If you think restrictions have been placed on your account, please check you are signed in and that the comment module or messageboard discussion is not closed or pre-moderated before contacting us about the status of your account. 

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  12. Why hasn't my comment appeared?

    Your comment may be awaiting moderation. Some sites are entirely pre-moderated, which means that all comments are checked by a moderator before they appear. Most BBC sites are reactively moderated, but if you are a new user to that particular part of the website, your initial comments will be checked before appearing. If your comment does not appear, it may have been rejected by the moderators. If so, you will be sent an automated email telling you why. 

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  13. Why has my comment disappeared?

    It is likely that your comment has broken one of our House Rules. Please write another comment that is acceptable. If you would like to query this decision please follow the appeals process.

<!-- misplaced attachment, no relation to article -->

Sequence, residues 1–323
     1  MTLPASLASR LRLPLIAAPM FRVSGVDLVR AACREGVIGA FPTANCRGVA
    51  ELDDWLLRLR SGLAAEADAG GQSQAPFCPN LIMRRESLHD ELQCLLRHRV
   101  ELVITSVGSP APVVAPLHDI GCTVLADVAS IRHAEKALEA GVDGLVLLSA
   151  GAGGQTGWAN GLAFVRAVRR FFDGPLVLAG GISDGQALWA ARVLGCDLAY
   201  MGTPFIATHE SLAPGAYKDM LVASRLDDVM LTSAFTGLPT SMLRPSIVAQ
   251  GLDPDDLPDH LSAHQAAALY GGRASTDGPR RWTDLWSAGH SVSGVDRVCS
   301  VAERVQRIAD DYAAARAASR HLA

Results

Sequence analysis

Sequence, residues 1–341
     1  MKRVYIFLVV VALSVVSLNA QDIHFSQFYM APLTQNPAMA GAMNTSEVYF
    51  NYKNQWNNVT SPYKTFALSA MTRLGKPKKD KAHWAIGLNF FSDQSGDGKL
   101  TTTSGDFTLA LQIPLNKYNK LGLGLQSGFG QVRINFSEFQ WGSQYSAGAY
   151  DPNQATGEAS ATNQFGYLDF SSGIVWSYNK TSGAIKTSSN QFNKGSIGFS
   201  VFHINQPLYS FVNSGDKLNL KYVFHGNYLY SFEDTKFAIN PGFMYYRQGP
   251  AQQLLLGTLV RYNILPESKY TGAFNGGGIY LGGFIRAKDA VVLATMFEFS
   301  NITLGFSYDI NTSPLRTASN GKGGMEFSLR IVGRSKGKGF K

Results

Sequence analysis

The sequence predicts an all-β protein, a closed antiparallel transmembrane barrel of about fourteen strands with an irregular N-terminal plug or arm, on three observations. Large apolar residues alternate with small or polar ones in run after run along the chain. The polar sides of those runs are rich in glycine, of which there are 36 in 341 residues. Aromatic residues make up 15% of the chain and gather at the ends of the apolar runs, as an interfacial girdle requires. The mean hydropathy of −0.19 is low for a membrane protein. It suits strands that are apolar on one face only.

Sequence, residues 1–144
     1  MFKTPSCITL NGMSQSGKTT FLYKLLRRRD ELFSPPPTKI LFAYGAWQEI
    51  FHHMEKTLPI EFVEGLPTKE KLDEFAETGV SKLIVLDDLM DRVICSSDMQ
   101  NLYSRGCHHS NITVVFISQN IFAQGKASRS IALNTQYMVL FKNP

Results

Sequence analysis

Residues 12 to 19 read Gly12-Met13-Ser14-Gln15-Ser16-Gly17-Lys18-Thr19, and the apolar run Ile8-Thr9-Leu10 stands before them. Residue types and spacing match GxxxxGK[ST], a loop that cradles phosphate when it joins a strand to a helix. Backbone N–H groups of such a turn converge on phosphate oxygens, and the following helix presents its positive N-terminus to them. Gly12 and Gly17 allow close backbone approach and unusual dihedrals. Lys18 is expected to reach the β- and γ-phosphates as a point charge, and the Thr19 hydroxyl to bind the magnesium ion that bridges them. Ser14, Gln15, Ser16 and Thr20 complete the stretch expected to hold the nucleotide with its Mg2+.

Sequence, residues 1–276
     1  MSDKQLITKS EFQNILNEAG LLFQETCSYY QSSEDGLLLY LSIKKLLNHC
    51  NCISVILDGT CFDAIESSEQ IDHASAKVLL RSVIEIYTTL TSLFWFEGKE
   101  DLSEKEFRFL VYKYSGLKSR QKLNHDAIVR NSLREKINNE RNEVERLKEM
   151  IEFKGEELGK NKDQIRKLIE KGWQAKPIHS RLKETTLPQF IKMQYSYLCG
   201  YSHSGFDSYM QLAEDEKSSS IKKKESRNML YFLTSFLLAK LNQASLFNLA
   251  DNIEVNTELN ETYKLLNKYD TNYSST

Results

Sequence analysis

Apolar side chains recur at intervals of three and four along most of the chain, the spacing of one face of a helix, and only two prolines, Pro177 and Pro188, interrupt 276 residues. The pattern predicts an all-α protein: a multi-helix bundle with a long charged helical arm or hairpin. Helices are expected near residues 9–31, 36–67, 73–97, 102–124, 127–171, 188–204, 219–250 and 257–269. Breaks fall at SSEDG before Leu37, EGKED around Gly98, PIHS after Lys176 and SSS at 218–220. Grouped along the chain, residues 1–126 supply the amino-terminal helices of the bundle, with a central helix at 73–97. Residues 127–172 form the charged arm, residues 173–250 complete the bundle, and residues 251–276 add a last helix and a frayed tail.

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  14. Why has my comment been removed when other comments that break the House Rules in a similar way are allowed to remain?

    On a reactive site, a comment is usually only checked if it is reported. As a result, the moderators see some comments but may not be alerted to other comments that also break the House Rules. This helps them to remain neutral in their judgement by assessing each comment individually. However, this may mean that one comment is removed while other equally questionable comments are allowed to remain.

    If you see a comment that you think may break the House Rules, please alert a moderator by using the report link.

    Another reason this may happen is because there will always be some grey areas when making moderation decisions. When deciding whether to pass or fail a comment, a moderator is required to assess the level of potential risk, especially in cases of libel, contempt of court etc. and may remove a comment to be on the safer side. Though there are guidelines that moderators follow, a breach may sometimes be debateable leading to differences in interpretation. One moderator may remove a particular comment while another moderator might allow a similar comment to remain. While we take a lot of care to ensure fairness, occasional inconsistencies are inevitable in the moderation process - if you have comments or complaints about the moderation service please contact us using our feedback form.

    Malicious or excessive use of the report facility will lead to the restriction of your ability to report comments and in some cases the restriction of your BBC iD from commenting.